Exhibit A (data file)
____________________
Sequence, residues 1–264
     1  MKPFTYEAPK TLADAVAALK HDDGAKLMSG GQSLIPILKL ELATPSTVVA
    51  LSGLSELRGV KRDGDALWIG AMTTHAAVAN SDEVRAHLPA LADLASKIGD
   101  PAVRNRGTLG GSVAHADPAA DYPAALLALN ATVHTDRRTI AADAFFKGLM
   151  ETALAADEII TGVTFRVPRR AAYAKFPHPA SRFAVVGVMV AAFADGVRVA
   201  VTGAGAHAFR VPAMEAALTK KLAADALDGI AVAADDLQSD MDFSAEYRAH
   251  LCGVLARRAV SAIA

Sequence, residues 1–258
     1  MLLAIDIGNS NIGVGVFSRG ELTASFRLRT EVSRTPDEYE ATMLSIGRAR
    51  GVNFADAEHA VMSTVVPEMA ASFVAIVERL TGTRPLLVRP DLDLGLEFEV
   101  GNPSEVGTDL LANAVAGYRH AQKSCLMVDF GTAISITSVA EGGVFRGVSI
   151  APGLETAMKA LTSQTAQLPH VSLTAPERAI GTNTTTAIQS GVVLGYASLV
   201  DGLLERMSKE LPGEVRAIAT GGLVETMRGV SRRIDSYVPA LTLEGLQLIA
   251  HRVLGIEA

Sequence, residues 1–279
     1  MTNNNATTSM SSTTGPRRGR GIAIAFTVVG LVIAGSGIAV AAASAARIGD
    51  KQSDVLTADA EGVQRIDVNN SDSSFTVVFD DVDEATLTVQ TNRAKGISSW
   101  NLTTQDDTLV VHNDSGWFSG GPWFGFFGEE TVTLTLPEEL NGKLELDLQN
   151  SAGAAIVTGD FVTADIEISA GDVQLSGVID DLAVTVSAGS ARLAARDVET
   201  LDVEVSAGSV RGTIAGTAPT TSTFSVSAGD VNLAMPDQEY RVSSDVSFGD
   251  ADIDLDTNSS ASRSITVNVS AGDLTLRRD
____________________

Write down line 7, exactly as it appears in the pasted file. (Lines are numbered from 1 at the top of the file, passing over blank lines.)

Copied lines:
   251  LCGVLARRAV SAIA